Knowledge of the conditions during our solar system’s infancy is challenged by a lack of direct observations and sampling. Our current view of this exciting time has been developed through the interdisciplinary work of experimentalists, modelers, theorists and observers. Understanding the thermal history of early planetary objects such as meteorites can give us insight into key aspects of the environment during the earliest phases of planet formation including the timing of differentiation and significant impact events. In this talk, I will discuss how we can gain insight into the deep past of our solar system, by applying experimentally determined diffusion parameters coupled with numerical simulations and observations of natural samples of astromaterials.
Kanani graduated from the University of San Francisco in 1999 with a B.S. degree in Physics and minor in Mass Communications. She received her Ph.D. in Geophysics from the University of California, Berkeley in 2003. She was an O. K. Earl Postdoctoral Fellow in the Division of Geological & Planetary Sciences at Caltech from 2004-2005 as well as an Alexander von Humboldt Summer Fellow at Bayerisches Geoinstitut. This was followed by an Assistant Professor position in the Department of Physics at New Mexico State University. In 2008, Kanani joined the faculty in the Department of Geology and Geophysics at Yale and is currently an Associate Professor of Geophysics. She conducts research on the physics and chemistry of Earth and planetary materials at ultra-high pressure and temperature conditions focusing her attention on the Earth’s mantle and core. http://people.earth.yale.edu/profile/kanani-k-m-lee/about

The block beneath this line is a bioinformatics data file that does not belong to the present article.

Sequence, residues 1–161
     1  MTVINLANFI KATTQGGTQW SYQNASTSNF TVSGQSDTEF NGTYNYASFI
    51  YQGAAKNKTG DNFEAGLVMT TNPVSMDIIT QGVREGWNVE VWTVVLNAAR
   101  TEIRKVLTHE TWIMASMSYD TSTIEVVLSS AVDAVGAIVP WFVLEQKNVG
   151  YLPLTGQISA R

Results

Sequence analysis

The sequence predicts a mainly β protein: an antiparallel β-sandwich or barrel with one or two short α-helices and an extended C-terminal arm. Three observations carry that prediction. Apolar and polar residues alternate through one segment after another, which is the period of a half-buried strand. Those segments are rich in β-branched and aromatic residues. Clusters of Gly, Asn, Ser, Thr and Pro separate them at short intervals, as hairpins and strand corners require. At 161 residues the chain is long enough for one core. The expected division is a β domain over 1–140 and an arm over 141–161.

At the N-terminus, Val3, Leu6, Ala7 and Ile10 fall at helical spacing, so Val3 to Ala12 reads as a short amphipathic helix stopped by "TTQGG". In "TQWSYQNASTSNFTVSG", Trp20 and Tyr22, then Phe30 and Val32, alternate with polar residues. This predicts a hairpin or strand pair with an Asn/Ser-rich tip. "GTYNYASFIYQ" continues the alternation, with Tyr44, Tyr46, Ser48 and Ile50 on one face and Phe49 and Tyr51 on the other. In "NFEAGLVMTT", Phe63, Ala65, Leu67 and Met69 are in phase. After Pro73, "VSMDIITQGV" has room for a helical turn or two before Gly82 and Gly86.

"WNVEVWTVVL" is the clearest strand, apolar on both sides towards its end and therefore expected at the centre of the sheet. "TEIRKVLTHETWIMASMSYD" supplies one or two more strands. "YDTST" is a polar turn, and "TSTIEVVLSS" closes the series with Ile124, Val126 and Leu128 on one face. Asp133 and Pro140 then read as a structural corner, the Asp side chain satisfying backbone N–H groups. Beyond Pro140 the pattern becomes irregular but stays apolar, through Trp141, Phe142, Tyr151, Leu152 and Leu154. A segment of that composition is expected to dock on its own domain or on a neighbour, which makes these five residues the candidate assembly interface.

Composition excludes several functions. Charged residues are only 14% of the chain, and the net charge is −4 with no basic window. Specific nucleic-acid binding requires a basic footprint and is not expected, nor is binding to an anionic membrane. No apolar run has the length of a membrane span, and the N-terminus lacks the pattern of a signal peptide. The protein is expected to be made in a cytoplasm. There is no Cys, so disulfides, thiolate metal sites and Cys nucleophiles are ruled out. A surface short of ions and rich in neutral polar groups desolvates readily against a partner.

(1) Figuring out the Earth from the inside out
Although observations of dynamic events such as earthquakes and volcanoes are readily visible here on the surface of the Earth, figuring out how these natural phenomena are generated requires a deep understanding of the Earth’s inner engine. We can go beyond the Earth’s surface, into the Earth’s deep interior—the mantle and the core—to learn about our planet. By using complementary information from seismology, cosmochemistry, petrology and geodynamics, we use mineral physics experiments to answer fundamental questions about the composition, structure and thermal evolution of the Earth throughout its ~4.6 billion year lifetime.
(2) Planetary Diversity: From diamond planets to hot Jupiters
With more than 1500 planets (to date) confirmed outside of our own Solar System, the realization that many are very different from those in our own Solar System lends itself easily to the discussion of plausible planetary compositions and its effect on a planet’s thermochemical evolution. In this talk I’ll bring together astronomical observations, mineral physics experiments and geodynamical models to constrain possible exoplanetary interiors.